SDOT installs seven new bike counters

What the heck is that? 

Pedaling down 58th Street in Ballard or along the I-90 bridge trail over the past month, riders may have noticed some mysterious new infrastructure—rubbery diamond loops attached to small metal boxes—spanning the path. Say “hello” to Seattle’s newest bicycle counters!

The sensors were approved back in September, and the Seattle Department of Transportation (SDOT) announced this morning that seven new electronic bike counters have been installed throughout the city.


Four counters have been installed on multi-use trails (see map below): 

  • Elliott Bay Trail in Mrytle Edward Park
  • Burke-Gilman Trail north of NE 70th Street
  • Chief Sealth Trail north of S Thistle Street
  • Mountains to the Sound Trail west of the I-90 floating bridge

And three counters were installed on neighborhood greenways:

  • 26th Avenue SW at SW Oregon Street in Delridge
  • 39th Avenue NE at NE 62nd Street in Wedgewood
  • NW 58th Street at 22nd Avenue NW in Ballard

What the counters DO (and don't do)

Like the Fremont and Spokane Bridge counters before them, the new generation of sensors will help SDOT collect data on ridership to help assess the effectiveness of bike-friendly projects and better serve the bicycling community.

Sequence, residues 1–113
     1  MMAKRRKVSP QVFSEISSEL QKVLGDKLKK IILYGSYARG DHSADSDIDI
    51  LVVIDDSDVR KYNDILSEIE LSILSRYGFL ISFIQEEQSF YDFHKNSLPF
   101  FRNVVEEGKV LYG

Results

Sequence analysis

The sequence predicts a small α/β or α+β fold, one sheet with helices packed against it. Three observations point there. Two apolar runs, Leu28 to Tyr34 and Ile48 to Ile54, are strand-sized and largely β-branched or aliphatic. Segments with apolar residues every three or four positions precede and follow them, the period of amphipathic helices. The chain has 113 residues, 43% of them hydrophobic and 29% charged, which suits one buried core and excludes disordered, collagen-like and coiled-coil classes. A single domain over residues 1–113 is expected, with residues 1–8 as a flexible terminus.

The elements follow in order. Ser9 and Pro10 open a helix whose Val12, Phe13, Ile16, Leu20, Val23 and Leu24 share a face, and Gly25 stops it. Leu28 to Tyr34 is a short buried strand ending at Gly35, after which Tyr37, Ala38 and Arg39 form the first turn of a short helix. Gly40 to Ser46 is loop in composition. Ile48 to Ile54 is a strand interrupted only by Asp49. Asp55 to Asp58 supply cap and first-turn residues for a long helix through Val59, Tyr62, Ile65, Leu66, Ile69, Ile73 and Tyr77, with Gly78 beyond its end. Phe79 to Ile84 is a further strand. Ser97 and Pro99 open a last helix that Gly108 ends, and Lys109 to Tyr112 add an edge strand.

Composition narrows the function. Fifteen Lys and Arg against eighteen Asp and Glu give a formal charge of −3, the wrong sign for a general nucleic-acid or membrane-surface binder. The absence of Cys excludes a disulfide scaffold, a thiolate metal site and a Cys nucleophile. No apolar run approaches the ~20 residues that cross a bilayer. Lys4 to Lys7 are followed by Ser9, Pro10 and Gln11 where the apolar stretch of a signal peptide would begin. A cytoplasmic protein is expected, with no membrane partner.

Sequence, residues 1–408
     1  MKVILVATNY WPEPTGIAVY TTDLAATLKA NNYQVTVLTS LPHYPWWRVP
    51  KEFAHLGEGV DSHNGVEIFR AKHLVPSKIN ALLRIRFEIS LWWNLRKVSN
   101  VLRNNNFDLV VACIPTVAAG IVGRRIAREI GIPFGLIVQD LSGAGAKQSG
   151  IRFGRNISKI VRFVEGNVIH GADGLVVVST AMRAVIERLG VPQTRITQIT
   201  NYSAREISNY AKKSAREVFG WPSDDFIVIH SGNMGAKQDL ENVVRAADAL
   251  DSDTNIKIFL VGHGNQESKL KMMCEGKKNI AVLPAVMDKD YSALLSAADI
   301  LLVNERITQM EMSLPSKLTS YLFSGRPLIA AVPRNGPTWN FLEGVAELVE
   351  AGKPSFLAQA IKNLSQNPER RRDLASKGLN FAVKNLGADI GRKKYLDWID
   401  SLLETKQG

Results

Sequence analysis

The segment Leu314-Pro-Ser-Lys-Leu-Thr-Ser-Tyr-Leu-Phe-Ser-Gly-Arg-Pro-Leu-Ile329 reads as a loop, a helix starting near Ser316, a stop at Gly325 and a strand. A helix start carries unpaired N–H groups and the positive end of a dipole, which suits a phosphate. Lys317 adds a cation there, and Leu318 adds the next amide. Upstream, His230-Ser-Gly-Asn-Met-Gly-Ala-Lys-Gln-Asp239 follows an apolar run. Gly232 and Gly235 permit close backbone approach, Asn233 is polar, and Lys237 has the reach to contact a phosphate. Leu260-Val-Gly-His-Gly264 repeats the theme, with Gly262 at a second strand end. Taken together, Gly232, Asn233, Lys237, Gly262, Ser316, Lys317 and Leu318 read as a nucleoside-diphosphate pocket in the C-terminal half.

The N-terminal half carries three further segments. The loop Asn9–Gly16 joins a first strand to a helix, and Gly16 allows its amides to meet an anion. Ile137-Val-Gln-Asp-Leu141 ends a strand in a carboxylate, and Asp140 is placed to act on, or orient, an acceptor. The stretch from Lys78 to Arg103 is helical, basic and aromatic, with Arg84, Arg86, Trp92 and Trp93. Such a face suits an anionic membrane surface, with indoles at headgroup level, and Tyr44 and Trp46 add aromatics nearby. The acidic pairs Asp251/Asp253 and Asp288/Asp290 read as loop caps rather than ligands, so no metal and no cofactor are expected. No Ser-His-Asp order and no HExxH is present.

“It is important to use our limited funds wisely and data driven decisions help us do this,” said Kristen Simpson, SDOT Plan Implementation Manager. “Collecting bike and pedestrian data helps guide our investments and measure our progress while building a transportation system that gives Seattleites great travel options.”

Unlike their predecessors, though, the new sensors do not feature display totems that show a running count.

"While these bike counters may not offer the instant gratification of being visually counted like the Fremont and West Seattle counters, they are an important addition to SDOT's measurements of Seattle's progress toward getting more people to travel by bike,” said Jeff Aken, Principal Planner at Cascade Bicycle Club. “The more data we have, the better we'll be able to plan for and build a safe bicycling network for people of all ages and abilities."

Some, like the Elliot Bay Trail counter, will also count pedestrians. 

Looking ahead

Starting in February, curious raod users (and data junkies) will be able to track the results on the SDOT website. For a taste of what’s to come, check out the page for the Fremont Bridge counter. Fair warning: with copious data and gorgeous graphs, this page may bring your productivity to a grinding halt.     

SDOT says it plans to install three more counters by the end of the year, so keep your eyes peeled. With so many new sensors in place, it's time to hop on your bike and be counted! 

For more info on Seattle's Bike Master Plan, check out: